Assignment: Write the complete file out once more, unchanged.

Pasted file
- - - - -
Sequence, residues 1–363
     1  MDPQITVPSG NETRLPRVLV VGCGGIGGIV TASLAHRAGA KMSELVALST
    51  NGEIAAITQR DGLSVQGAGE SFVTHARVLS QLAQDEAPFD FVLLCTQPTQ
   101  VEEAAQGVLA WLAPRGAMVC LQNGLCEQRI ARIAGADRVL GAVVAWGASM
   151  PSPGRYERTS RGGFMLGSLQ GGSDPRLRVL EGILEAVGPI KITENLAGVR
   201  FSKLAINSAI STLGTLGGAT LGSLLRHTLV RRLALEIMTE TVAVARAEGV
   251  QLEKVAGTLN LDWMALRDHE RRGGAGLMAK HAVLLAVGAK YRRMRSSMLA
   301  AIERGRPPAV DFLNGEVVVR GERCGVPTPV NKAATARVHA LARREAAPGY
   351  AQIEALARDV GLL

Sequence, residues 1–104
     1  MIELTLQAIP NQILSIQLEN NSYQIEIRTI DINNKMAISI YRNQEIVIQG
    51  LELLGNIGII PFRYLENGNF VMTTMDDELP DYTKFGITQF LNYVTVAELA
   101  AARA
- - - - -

Sequence, residues 1–363
     1  MDPQITVPSG NETRLPRVLV VGCGGIGGIV TASLAHRAGA KMSELVALST
    51  NGEIAAITQR DGLSVQGAGE SFVTHARVLS QLAQDEAPFD FVLLCTQPTQ
   101  VEEAAQGVLA WLAPRGAMVC LQNGLCEQRI ARIAGADRVL GAVVAWGASM
   151  PSPGRYERTS RGGFMLGSLQ GGSDPRLRVL EGILEAVGPI KITENLAGVR
   201  FSKLAINSAI STLGTLGGAT LGSLLRHTLV RRLALEIMTE TVAVARAEGV
   251  QLEKVAGTLN LDWMALRDHE RRGGAGLMAK HAVLLAVGAK YRRMRSSMLA
   301  AIERGRPPAV DFLNGEVVVR GERCGVPTPV NKAATARVHA LARREAAPGY
   351  AQIEALARDV GLL

Sequence, residues 1–104
     1  MIELTLQAIP NQILSIQLEN NSYQIEIRTI DINNKMAISI YRNQEIVIQG
    51  LELLGNIGII PFRYLENGNF VMTTMDDELP DYTKFGITQF LNYVTVAELA
   101  AARA